Beef/okra/tomato combo was fantastic and basically the exact same way it tastes when freshly made at home.

the pork stuffed peppers were almost exactly the same as when they come out of the oven, just a little extra liquid of course.

the gumbo I packed I hadn't even tasted it before I packed it and I make it a bit different every time. But it was very tasty. Maybe I should standardize my "recipe" but hey, where would the fun be there? It's usually a bit of a wet dish so it was very much like it is when at home.

The fajita chicken with green peppers and onions was FANTASTIC! For all you grain eaters, it would have gone great on a tortilla wrap.

The zucchini slices actually got several trials. They are actually good as a snack, dry, like when you are hungry and waiting for water to boil. I cooked them in their own pouch. I packaged them separately just like I did the rice.
The Spanish rice was AMAZING. I cooked this by itself most times but also cooked it in foods that had no veg. It rehydrates so well and so quickly. It's great to eat while waiting for the main meal. I figure these sides are good to have especially if the main meal turns out to be just a little to short on filling me up. And at my packed size of only about .5 oz, it's easy to bring a couple extras.

There is some tweaking I will be doing. My bags are taller than they need to be. I can easily cut them down. I may also try a narrower bag to see if I like it better. The current bags are 8" wide which is similar to MH type meals but I think my bags have more usable interior width. So narrower bag possibly but at least shorter bag which will cut a fraction of an ounce off each package. I liked my meal sizes but I will be checking that on a long backpacking trip when hopefully some serious hiker hunger will set in even though truth be told, it's never happened for me in the past and it may not in the future. We shall see. If I need to increase meal sizes or numbers of meals it shouldn't be an issue as far as weight goes because the average meal only weighed in at about 2.5oz on average.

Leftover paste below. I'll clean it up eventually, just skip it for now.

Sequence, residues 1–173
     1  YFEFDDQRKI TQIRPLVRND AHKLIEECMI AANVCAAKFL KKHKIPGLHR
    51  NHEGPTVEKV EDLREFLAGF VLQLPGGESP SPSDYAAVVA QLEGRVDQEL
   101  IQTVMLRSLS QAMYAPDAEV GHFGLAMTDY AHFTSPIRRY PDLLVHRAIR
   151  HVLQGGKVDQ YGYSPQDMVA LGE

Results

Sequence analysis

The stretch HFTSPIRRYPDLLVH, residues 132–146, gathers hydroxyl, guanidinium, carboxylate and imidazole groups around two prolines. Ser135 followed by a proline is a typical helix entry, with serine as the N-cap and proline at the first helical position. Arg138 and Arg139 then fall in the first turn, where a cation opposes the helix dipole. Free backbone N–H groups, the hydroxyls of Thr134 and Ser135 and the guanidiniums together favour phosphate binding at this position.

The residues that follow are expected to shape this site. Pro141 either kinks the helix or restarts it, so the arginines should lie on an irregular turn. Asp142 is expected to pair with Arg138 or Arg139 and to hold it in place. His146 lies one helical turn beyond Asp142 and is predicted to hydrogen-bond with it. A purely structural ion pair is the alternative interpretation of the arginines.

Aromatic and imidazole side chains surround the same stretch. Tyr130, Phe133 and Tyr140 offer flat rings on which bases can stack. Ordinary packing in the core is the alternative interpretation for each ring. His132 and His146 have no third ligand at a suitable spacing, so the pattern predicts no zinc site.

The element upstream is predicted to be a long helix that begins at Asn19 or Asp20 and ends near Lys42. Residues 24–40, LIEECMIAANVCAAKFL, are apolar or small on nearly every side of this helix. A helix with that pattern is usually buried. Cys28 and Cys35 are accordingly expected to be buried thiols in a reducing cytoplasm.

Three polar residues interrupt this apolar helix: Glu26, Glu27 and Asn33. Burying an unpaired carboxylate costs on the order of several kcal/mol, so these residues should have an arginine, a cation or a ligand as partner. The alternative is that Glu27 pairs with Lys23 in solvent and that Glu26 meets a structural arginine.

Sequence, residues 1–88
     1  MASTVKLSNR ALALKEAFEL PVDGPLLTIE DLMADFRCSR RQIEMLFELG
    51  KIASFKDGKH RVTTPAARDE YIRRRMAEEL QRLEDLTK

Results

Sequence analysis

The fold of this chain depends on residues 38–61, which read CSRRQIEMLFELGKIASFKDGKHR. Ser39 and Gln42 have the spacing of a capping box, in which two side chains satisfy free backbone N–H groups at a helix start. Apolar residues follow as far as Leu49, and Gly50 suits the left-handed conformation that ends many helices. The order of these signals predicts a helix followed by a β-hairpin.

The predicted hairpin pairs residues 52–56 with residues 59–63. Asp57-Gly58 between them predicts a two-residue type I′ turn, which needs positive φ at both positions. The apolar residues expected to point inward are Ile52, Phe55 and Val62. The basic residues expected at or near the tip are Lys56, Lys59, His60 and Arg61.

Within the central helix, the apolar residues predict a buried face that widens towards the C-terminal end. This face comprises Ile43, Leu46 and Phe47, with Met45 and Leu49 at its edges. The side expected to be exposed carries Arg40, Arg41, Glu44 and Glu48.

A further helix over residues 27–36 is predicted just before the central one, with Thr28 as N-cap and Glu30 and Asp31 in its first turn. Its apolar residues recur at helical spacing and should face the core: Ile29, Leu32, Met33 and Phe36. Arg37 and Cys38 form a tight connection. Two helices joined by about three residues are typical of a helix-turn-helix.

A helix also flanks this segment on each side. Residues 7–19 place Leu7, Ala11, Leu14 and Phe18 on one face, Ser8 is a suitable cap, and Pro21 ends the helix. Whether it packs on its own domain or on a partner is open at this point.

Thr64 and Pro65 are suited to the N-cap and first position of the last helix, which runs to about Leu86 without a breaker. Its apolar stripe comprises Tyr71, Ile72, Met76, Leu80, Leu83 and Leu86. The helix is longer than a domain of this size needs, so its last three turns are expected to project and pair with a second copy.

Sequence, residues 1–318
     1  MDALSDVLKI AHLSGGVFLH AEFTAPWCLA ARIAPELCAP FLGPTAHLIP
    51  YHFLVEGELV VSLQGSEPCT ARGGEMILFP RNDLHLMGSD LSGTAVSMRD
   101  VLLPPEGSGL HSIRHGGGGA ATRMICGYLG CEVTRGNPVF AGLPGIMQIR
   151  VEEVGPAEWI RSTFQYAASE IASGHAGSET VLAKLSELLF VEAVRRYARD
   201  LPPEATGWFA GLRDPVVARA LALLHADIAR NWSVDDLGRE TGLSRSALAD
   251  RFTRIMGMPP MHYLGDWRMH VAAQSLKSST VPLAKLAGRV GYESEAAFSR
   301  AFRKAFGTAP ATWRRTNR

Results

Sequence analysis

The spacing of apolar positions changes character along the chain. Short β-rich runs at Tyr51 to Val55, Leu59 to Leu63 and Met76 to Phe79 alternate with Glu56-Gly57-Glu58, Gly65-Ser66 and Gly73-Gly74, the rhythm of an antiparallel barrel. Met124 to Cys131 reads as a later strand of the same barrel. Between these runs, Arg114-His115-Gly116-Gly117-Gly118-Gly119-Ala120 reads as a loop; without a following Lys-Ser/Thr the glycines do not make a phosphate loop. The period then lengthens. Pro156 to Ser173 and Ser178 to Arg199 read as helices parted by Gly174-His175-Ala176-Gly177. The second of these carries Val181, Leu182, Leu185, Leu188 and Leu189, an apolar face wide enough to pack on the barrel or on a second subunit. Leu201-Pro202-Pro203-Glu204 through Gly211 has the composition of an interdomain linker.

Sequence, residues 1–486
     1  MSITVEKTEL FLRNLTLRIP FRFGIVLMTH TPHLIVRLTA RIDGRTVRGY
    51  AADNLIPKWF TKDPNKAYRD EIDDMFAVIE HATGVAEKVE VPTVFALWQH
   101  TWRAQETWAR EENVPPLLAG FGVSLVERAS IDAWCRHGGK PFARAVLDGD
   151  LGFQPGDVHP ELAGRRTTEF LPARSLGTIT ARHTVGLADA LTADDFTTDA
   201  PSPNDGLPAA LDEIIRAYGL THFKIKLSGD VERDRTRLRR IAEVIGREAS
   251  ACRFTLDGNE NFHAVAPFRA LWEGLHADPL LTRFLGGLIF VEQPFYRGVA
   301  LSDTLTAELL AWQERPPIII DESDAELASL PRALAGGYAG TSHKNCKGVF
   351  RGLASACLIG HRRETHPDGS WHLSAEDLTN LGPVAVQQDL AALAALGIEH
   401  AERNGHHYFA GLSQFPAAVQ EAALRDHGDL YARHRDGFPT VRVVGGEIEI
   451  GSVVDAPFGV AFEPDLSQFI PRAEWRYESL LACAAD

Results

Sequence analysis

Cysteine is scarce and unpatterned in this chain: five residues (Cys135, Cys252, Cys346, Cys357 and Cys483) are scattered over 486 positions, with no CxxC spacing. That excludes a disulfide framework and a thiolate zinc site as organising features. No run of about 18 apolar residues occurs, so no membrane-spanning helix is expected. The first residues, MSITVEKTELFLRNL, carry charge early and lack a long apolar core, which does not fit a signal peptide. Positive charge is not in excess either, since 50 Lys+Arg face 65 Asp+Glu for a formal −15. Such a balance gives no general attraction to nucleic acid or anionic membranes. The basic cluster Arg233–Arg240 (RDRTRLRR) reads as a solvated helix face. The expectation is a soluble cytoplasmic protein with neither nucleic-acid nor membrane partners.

I also learned after the first series of meals and sides I packaged that I really do need to pack the food down at the bottom of the bag and not worry about crushing it. It makes it easier to pack it in a smaller space. And smaller pieces rehydrate much quicker.


Nice to hear it worked out for you.

Offline FrugalFannie

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Re: Harvest Right Freeze Dryer and my results
« Reply #23 on: March 02, 2017, 05:04:07 PM »
 I've been pretty lazy lately with the food prep but I have a 30 day trip coming up soon so I'm back to freeze drying! There's a batch of eggs in right now and the rest of the weekend will be spent FDing the veggies to go with my eggs and making and then FDing my own breakfast sausage. Also took an inventory of the meals I already have made up and am planning what else I need to cook and freeze dry between now and the day I leave. We make all our own food, every day with very few exceptions. So I also have to make approx 74 meals for my husband and freeze them for him. I currently have 16. He makes his own breakfast every day so that's not a concern.

I figure I want at least 7 different lunch/dinners. that would mean I would eat the same meal 2x per week. I think I will actually have more than that number of variations before I am done though.

So far I have made and eaten:
Pulled pork
Beef, Okra, tomato
Chicken and sausage gumbo
Chicken fajita (without a wrap but working on finding a shelf stable one I can eat)
pork stuffed peppers (becomes more like stew)
and of course my eggs with veggies and cheese

I have made but not tried:
chicken in tomato sauce - I like it when I bake it and it should re hydrate well

I also have a Moroccan Chicken recipe that I love and that's headed to the freeze dryer next week, and possibly the freezer as well, after I make it for dinner.
I am also trying a cilantro lime chicken this weekend which will hopefully be a huge hit so that it can go into the freeze dryer as well as the freezer.

Offline Odin's Son

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Re: Harvest Right Freeze Dryer and my results